In the end my GPA didn't mean squat b/c I got a job primarily b/c I knew someone who knew the engineering manager. I got laid off from that job 14 months later and the second place to hire me on didn't blink an eye about my GPA.

An interesting trend though, it took me 4 months to find my first job out of university, 2 months to find my second and no time to find my present job (my second employer shut down and I started here the next day).

The only time I can see your GPA being a problem is if you want to go to grad school with less than about 5 years of experience under your belt. Any more than that and they won't really care, especially if you have taken some continuing education courses (and done well) in between.

RE: Graduating soon but with poor GPA...

Okay, ShiftF4, let’s role play.  You just sat down for the interview; we got the pleasantries out of the way. Now the question,

“I see you are having difficultly in your senior level courses.  Why is that?”

Take a few minutes and try to answer this on the forum as you would in the interview.  Then we will give you some tips / comments based upon your answer.

Some follow up questions from me would be:

“How will you overcome a general lack of theoretical knowledge?”

“How do you approach your design projects? Especially if it is in an area of knowledge you are weak in?

“Is there anything you can tell me from your internships that would offset your difficulty with senior level EE classes?”

ShiftF4, please note that a lot of interviewers will look at what those classes were you were having trouble in…..if for instance you can’t do circuit boards but can do power and my company is in the high power business, then you are probably okay.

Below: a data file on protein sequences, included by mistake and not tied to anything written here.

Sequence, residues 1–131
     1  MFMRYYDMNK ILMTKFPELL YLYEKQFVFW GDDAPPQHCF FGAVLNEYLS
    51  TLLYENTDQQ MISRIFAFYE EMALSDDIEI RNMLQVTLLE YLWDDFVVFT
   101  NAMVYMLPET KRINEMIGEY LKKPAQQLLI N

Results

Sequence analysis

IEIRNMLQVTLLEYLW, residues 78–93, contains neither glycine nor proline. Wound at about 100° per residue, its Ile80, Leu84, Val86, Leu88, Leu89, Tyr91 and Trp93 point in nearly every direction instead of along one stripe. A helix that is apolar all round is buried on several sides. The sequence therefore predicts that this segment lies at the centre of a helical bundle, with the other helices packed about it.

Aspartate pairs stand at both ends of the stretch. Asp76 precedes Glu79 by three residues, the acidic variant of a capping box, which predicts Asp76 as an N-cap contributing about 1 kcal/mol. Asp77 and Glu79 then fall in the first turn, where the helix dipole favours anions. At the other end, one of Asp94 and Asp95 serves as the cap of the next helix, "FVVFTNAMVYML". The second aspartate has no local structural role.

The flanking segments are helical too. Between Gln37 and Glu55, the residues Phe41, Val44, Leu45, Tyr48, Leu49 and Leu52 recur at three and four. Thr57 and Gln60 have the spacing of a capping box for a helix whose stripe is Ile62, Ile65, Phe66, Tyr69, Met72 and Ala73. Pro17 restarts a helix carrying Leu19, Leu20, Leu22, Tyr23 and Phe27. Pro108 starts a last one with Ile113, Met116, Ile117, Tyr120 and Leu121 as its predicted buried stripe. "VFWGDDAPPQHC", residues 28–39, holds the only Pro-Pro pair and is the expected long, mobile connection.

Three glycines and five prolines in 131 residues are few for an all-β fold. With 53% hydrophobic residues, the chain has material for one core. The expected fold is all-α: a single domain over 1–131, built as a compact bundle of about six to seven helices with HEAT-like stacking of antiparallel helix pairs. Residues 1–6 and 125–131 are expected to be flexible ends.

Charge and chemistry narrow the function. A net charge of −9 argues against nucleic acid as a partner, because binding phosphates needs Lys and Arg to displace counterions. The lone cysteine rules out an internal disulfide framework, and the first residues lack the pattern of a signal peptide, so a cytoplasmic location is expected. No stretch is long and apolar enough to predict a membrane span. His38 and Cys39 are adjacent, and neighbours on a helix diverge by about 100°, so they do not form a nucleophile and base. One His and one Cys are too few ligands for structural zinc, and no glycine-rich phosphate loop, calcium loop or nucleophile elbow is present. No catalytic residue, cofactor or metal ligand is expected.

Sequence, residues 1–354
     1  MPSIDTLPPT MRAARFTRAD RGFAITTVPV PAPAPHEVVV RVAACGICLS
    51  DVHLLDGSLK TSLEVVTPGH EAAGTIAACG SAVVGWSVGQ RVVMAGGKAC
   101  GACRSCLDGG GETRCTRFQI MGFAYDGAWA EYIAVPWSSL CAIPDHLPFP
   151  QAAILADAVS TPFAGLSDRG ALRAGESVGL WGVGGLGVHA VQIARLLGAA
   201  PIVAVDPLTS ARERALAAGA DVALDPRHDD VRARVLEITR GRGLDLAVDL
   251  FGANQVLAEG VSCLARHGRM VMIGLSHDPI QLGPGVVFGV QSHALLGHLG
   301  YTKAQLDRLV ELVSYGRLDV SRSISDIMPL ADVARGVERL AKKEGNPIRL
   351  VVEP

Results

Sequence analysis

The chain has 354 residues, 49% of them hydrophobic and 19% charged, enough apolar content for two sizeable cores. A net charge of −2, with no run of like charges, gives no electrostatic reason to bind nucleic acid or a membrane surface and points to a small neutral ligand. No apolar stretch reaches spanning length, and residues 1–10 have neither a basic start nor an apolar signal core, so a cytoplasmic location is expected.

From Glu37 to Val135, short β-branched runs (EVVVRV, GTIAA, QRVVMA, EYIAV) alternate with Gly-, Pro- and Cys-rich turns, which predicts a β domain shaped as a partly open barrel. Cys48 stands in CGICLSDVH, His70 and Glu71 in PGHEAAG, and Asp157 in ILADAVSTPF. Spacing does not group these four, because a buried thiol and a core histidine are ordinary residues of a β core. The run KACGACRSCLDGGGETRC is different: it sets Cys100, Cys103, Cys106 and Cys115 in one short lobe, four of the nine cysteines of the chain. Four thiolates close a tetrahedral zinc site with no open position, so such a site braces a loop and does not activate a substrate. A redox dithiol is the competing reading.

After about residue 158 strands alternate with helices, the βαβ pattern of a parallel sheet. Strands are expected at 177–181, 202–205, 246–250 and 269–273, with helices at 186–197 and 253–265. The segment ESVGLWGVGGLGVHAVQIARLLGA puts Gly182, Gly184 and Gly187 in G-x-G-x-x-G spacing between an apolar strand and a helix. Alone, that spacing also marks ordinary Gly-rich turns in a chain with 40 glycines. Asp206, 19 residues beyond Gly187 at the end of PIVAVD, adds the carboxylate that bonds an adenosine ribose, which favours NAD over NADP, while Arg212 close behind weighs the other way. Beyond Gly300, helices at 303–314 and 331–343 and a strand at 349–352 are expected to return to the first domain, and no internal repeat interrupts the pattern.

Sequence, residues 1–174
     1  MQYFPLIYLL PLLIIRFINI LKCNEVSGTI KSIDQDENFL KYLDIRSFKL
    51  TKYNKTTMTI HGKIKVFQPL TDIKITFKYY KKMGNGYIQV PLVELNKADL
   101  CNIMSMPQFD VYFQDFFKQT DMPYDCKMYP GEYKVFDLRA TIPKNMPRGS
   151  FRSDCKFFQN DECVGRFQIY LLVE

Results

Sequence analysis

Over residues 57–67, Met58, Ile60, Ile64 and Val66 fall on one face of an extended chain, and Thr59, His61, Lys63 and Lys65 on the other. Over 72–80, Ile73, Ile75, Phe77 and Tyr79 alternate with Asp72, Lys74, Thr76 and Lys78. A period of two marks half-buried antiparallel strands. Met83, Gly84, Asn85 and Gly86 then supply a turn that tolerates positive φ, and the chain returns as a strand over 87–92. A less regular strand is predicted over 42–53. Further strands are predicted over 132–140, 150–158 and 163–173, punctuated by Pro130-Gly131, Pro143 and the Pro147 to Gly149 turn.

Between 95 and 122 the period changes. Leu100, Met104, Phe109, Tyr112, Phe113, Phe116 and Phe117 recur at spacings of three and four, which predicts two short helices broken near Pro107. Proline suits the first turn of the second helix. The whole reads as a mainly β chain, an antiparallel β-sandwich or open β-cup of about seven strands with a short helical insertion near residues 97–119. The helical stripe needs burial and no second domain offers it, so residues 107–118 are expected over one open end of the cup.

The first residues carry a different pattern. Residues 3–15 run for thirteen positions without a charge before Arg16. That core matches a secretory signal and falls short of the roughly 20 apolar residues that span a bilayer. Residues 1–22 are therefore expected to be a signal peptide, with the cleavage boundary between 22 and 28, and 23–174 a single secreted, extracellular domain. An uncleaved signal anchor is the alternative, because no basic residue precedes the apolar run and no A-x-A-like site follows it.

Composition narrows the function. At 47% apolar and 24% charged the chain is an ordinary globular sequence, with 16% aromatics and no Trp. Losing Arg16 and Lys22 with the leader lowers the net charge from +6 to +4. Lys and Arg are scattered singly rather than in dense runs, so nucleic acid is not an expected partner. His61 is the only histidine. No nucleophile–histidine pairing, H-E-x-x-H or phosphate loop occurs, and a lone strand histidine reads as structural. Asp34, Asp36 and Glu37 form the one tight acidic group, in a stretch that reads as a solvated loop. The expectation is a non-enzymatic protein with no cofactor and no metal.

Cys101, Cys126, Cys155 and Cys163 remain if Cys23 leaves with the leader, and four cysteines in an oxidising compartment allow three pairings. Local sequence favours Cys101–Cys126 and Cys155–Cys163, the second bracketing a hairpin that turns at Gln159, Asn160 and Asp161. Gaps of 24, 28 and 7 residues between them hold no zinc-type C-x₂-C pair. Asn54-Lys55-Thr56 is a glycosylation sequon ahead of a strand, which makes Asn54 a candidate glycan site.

But if you have low grades across the board in all senior level EE courses, then it is not too late to consider a new major.  If you swapped over to IE for instance and made awesome grades, then I would be impressed that you were willing to work at it and finally found what you were good at….overall GPA would not matter in that case.


RE: Graduating soon but with poor GPA...

My professor once told me:

Students with 4.0s will get their PhDs and become professors
Students with 3.0s will get a job, working for someone
Students with 2.0s will start their own company and hire the 3.0s

I graduated with a 2.6 and four offers.  How did I do it?

-I went to every career fair offered by the school.  
-I looked at all sources that had job postings (i.e. Craigslist, Monster, Eng-Tips, etc).  
-I submitted my resume to every job posting that I was qualified for.  
-I went onto company's website to see if they're hiring.  
-I interviewed with whoever gave me an interview.  
-I worked on my interview skills by interviewing with companies that I knew wouldn't hire me, i.e. sales management positions ( I had a lot of sales jobs including a sales management internship).
-I didn't list my gpa on my resume and when they asked what it was, I gave them my reason, i.e. "Before I tell you my gpa, (insert reason).  My gpa is (insert gpa)."

I hope that helps...

BTW, I graduated 3 months ago and have been working for a company with a minimum gpa of 2.75.


RE: Graduating soon but with poor GPA...

forgot the exception for libras and scorpios...

RE: Graduating soon but with poor GPA...


I heard it this way:

The professor said,

"Be nice to the PhDs, they bring in research grants."
"Be very nice to the MSs, they teach the students."
"Be especially nice to the BSs, they build the university."

Good luck,

RE: Graduating soon but with poor GPA...

Shift, I can tell you that from the other side of the mark, it's not all roses either.  I graduated long ago with a very good GPA, but that didn't really seem to impress anyone at the time.

RE: Graduating soon but with poor GPA...

It's funny but that comment is really true, all my friends at uni with 4s went into grad school right after uni...to become professors, all the 3s found jobs fairly quickly and are happy being sedentary and me...I was a 2.85, I spend most of my days at hoem and at work (in management or something resembling it...I don't know how I got that)thinking about what sort of business I can start.